A couple of weeks ago Bob wrote about a post about a research *note* that was recently accepted to the iConference. In it we outline the beginnings of a research project where we look at the interaction of different media platforms (Twitter and Blogs) with more traditional sources. In this post I go through the R code we used to plot, and visually compare, the volume of different information sources.

The data for this example is randomly drawn along a Pareto distribution so anyone should be able to just open the file, run it and have plots. Like I did in the last R example, I have used comments in the code to explain what I’m doing in the creation of these plots. After the code I give a brief introduction on the tool I use to select colors.

^{?}Download download.R

1 2 3 4 5 6 7 8 9 10 11 12 13 14 15 16 17 18 19 20 21 22 23 24 25 26 27 28 29 30 31 32 33 34 35 36 37 38 39 40 41 42 43 44 45 46 47 48 49 50 51 52 53 54 55 56 57 58 59 60 61 62 63 64 65 66 67 68 69 70 71 72 73 74 75 76 77 78 79 80 81 82 83 84 85 86 87 88 89 | # # Synchronized volume over time with events for different sources # # used to adjust the alpha (transparency) of rgb colors below. library(VGAM) # set up some params for later use. I could have surfaced more plot # params but for this plot these are things I was fiddling with plot.type <- "h" text.adjust <- c(.5,.3) # left-right & up-down with .5 being center # this is volume of data flow over hours, so how many hours. Normally # you have this or will calculate it, but I am making random data num.hours <- 300 my.local.x <- 1:num.hours # points in time when events happened. These are entirely arbitrary. event.x.vec <- c(45, 75, 275) # for this plot we are comparing three different information flow # volumes: tweets, blog posts and news. Yes, blogs and news can be # a fuzzy distinction, but this is about the R code. # I use a random Pareto distribution because it is a reasonable # approximation for some types of information flows/attention # (and if you want a reference supporting that let me know). news.text <- "news" tweets.counts <- rparetoI(num.hours, scale=10000, shape=3) news.color <- rgb(128,30,128,alpha=255,maxColorValue=255) blogs.text <- "blogs" blogs.counts <- rparetoI(num.hours, scale=100, shape=2) blogs.color <- rgb(32,135,91,alpha=255,maxColorValue=255) tweets.text <- "tweets" news.counts <- rparetoI(num.hours, scale=1, shape=1.5) tweets.color <- rgb(196,159,47,alpha=255,maxColorValue=255) # probably not the best practice here, but I take a vector # of x values for events at hour X and a vector of y min # and max. So for an x, draw a dotted line from y.min to # y.max at x[i] plot.events <- function(x.vec, y.min.max) { for (i in 1:length(x.vec)) { event.x <- x.vec[i] lines(c(event.x, event.x), y.min.max, col="black", lty=2) } } # work horse function. Again, I could surface more plotting # parameters, but I am focused on a specific kind of comparison # I set a few defaults. X is expected to be a sequence, but it # doesn't have to start at 0. I'm using hours, but it could be # any units. plot.vol <- function(x, y, event.x.vec, caption="", plot.type="h", col="black", adj=c(.5,.5)) { # after the basic plot we want to add the events and then the # caption. Simple calcs to find where to put 'em: my.local.y.lim <- c(0, max(y)) # I tried c(min(y), max(y)) but like the above better for # histogram type plots my.local.y.mid <- round(mean(my.local.y.lim), 0) my.local.x.mid <- round(median(x), 0) plot(x, y, ylim=my.local.y.lim, yaxt="n" , type=plot.type, lwd=2, col=col, bty="n" , main="", xlab="", ylab="") # I keep the captions simple and I put them in the # plot so that the data set plots are close enough together # for comparison plot.events(event.x.vec, my.local.y.lim) text(my.local.x.mid, my.local.y.mid, labels=caption, col=adjustcolor(col, alpha.f = .5), cex=5, adj=text.adjust) mtext("hour", side=1, line=1.5, cex=.8, adj=.1) mtext("volume", side=2, line=3.5, cex=.8) # #padj=-5, ) #adj=c(0,1), cex=.8, outer=T) axis(2, at=axTicks(2), labels=format(axTicks(2), scientific=F, big.mark=","), las=2, tick=F, line=-2.2) } # now plot out each set. I set mfrow to get all three on the # same screen. The xpd param controls clipping for plot area. # I only seem to need to set this for histogram type plots #par(mar=c(5,4.5,2,2), mfrow=c(3,1), xpd=F) # c(bottom, left, top, right) c(5, 4, 4, 2) + 0.1. par(mar=c(3.5, 5.5, 2, 2), mfrow=c(3,1), xpd=F) # c(bottom, left, top, right) c(5, 4, 4, 2) + 0.1. plot.vol (my.local.x, tweets.counts, event.x.vec, tweets.text, plot.type, tweets.color, text.adjust) plot.vol (my.local.x, blogs.counts, event.x.vec, blogs.text, plot.type, blogs.color, text.adjust) plot.vol (my.local.x, news.counts, event.x.vec, news.text, plot.type, news.color, text.adjust) # gimmy back my defaults. par(mar=c(5.1,5.1,4.1,2.1), mfrow=c(1,1), xpd=NA) |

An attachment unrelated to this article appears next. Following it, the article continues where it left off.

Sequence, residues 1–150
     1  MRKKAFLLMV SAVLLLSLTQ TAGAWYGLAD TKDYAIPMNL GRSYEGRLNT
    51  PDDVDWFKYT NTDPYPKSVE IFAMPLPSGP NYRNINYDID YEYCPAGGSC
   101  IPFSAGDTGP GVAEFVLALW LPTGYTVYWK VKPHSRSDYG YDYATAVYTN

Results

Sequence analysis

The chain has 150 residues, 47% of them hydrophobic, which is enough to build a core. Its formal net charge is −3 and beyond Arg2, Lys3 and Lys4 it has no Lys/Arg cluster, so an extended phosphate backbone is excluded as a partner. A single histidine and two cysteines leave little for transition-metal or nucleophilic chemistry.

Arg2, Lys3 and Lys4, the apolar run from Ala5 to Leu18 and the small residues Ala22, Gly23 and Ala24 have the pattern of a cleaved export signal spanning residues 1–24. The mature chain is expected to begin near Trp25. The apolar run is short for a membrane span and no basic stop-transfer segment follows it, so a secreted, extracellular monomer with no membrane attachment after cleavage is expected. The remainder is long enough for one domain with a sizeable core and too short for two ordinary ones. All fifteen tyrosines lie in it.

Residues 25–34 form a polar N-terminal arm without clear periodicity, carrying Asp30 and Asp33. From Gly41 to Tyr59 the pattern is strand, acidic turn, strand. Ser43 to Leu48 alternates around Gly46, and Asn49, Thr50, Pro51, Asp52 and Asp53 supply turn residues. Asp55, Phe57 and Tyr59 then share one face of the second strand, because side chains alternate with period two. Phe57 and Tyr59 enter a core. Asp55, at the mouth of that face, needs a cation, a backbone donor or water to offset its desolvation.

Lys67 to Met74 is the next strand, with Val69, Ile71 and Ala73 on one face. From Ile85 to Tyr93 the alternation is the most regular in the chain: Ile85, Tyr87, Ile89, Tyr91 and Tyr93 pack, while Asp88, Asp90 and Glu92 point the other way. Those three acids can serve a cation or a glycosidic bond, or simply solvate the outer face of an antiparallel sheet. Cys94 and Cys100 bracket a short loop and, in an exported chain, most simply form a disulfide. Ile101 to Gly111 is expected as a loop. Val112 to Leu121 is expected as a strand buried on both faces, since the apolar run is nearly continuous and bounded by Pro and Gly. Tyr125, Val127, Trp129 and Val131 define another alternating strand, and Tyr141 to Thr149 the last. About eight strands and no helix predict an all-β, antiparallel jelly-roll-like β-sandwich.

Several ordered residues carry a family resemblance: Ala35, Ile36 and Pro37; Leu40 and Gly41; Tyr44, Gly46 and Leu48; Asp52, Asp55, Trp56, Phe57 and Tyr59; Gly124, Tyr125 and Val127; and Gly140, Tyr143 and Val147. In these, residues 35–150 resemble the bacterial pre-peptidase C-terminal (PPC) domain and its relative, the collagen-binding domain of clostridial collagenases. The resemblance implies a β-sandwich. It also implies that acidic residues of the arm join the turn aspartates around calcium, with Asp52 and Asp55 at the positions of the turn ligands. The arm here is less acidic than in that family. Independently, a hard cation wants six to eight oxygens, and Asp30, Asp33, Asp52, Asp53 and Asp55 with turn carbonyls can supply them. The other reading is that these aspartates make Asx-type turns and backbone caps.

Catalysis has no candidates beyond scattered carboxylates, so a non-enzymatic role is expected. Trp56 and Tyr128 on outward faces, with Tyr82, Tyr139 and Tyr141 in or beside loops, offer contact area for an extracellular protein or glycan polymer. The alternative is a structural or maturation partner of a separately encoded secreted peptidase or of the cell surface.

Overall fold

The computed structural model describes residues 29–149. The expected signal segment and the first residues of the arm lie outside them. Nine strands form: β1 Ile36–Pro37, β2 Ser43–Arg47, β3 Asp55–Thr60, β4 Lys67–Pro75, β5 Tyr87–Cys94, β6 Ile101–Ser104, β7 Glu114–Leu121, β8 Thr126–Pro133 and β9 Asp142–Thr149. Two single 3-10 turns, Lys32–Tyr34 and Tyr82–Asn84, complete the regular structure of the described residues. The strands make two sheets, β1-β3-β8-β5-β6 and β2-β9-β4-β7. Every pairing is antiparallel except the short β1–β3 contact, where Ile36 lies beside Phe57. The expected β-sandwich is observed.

So how do I choose my colors? I use Color Scheme Designer which allows you to move a slider around a color wheel to pick your main color and then select if you want monochrome, complement, triad and other color schemes that work with your main color. You can use the tab selection on the bottom to alter saturation and brightness of the scheme as well. Once you have the colors you like, you can export in different formats. I usually export to rgb for R code.

That’s all for now. You can contact me on Twitter @JeffHemsley. Happy to answer any questions.